Six of us from Cobb Hill spent the day in Vermont’s state capitol, Montpelier, attending a meeting of the committee that manages the state’s pension fund, as part of a campaign spearheaded by 350.orgVT encouraging the state to divest of fossil fuel intensive investments, including coal, oil and gas. The organizers of Vermont's divestment movement argue that fossil fuels are no longer a good investment, actually putting the retirement security of Vermonters at risk. They also point out that these investments conflict with the state’s leadership in environmental protection and clean energy.
Three Cobb Hill teens, Jenna, Nora, and Gretta, have been particularly active in the Vermont divestment effort over the past six months, lobbying legislators, attending the pension investment committee meetings and delivering public comments to the investment board. Jenna has also been hand-painting banners for use at divestment rallies across the state (see a cool video of Jenna making one of those banners here).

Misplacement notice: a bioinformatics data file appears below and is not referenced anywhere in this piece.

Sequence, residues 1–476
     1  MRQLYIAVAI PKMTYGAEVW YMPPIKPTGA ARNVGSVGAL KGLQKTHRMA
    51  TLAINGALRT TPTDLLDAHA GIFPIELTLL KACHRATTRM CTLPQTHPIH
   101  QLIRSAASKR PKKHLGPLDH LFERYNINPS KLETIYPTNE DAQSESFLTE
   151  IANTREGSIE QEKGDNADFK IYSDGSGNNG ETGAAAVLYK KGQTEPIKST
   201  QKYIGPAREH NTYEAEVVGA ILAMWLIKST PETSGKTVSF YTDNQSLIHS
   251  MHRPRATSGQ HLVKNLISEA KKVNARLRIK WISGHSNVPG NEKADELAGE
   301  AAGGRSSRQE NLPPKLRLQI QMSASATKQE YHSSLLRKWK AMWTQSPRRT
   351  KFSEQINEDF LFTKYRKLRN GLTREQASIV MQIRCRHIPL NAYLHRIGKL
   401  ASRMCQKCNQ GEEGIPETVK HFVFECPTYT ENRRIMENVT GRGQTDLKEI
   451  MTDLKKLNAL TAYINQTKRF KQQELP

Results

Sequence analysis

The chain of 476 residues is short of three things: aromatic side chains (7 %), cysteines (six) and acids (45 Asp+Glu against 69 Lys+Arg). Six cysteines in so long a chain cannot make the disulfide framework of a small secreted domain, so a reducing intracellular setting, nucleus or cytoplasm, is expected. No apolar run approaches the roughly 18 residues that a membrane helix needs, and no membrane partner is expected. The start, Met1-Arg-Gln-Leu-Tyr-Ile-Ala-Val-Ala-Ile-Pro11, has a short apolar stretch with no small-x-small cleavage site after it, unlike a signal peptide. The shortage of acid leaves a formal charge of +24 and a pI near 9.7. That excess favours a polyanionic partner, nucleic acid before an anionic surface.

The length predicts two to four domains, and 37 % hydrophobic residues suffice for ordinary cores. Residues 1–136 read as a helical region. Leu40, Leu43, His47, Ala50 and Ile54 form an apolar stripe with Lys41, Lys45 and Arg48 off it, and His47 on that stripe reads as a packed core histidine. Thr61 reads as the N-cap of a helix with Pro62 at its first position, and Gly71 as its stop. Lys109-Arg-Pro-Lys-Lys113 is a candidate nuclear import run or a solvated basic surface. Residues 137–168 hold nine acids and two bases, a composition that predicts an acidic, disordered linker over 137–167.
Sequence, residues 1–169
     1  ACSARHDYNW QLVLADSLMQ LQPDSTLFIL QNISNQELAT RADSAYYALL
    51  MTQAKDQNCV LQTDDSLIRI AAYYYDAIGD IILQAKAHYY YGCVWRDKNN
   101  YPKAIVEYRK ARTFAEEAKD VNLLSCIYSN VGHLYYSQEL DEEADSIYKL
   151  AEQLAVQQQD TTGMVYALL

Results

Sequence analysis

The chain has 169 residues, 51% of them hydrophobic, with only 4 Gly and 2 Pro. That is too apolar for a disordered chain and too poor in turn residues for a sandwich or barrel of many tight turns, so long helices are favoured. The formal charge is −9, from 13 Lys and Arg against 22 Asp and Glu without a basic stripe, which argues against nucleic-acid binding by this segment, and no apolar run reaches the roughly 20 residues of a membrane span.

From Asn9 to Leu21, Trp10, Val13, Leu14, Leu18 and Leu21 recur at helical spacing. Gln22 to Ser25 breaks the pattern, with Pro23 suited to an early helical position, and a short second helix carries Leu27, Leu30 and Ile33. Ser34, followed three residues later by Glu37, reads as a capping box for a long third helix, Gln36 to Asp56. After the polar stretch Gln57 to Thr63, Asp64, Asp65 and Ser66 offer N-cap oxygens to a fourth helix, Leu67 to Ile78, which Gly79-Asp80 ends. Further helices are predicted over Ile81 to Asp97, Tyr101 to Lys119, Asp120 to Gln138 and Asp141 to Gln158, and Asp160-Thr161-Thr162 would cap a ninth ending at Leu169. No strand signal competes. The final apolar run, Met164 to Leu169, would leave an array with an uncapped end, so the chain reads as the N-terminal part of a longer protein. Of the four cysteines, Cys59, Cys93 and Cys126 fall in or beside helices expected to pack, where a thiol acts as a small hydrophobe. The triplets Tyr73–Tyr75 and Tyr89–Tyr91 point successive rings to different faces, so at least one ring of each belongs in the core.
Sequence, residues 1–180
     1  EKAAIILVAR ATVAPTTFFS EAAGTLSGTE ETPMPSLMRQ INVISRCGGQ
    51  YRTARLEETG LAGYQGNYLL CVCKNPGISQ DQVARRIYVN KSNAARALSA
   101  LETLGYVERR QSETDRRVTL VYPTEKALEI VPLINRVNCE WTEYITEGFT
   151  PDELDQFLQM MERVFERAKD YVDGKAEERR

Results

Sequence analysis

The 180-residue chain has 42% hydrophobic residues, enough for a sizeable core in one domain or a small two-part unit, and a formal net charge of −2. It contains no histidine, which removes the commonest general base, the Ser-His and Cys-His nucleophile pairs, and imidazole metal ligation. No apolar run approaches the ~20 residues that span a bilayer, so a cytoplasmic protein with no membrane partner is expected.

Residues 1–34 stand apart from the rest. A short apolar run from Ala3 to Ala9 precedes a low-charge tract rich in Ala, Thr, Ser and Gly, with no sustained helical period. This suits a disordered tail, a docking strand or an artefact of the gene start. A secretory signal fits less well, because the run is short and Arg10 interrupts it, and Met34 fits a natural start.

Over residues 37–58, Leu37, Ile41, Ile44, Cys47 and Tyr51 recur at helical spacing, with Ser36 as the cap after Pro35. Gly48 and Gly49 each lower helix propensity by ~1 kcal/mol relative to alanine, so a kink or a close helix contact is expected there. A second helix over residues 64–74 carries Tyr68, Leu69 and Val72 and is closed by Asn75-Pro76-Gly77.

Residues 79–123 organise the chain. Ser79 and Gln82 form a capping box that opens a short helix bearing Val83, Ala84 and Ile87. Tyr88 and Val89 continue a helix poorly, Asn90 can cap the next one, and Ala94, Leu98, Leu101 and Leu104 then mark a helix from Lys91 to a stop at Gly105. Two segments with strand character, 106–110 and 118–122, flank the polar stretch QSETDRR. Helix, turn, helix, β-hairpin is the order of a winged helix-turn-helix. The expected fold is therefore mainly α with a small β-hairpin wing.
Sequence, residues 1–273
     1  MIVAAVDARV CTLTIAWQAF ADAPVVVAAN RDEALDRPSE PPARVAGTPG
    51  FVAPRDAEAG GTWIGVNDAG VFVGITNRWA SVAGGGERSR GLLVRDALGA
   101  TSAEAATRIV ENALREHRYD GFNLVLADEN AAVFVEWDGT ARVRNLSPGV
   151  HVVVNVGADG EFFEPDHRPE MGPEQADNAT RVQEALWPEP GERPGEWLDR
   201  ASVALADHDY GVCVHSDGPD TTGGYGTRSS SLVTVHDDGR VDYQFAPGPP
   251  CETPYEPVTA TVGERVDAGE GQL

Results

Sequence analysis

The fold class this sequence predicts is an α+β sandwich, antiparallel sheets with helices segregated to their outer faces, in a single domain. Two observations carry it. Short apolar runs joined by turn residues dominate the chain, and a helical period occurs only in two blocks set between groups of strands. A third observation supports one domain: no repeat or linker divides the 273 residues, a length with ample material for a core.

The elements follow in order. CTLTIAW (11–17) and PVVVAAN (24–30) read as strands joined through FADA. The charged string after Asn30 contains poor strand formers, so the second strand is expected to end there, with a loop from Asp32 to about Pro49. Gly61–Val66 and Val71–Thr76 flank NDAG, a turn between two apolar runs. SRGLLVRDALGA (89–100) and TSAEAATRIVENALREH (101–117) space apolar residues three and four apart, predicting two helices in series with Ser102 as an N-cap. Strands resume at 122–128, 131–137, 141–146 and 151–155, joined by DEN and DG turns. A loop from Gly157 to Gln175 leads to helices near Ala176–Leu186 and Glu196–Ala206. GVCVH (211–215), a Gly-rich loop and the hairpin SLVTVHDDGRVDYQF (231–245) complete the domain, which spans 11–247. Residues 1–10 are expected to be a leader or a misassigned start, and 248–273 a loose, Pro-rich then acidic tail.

All of that work culminated in this week’s meeting where the board was slated to vote on the divestment issue, and the girls’ hard work and commitment inspired a few Cobb Hill adults to take the day off work to attend the meeting as well.
Based on the divestment battles in cities, universities, and other organizations around the world, no one expected that the divestment proposal would be accepted right away, and indeed the board voted against it, but, with 58 Vermonters attending the 5 hour meeting (typically the pension fund meetings, while open to the public, are not attended by anyone not on the committee) it was pretty clear that the divestment issue in Vermont is gaining momentum.
While the vote itself was disappointing to me, it was inspiring to see people converging from across the state to participate in the meeting, and I was very proud of Gretta, Nora, and Jenna’s roles. Like people their age around the world, they are are taking increasing leadership on climate change.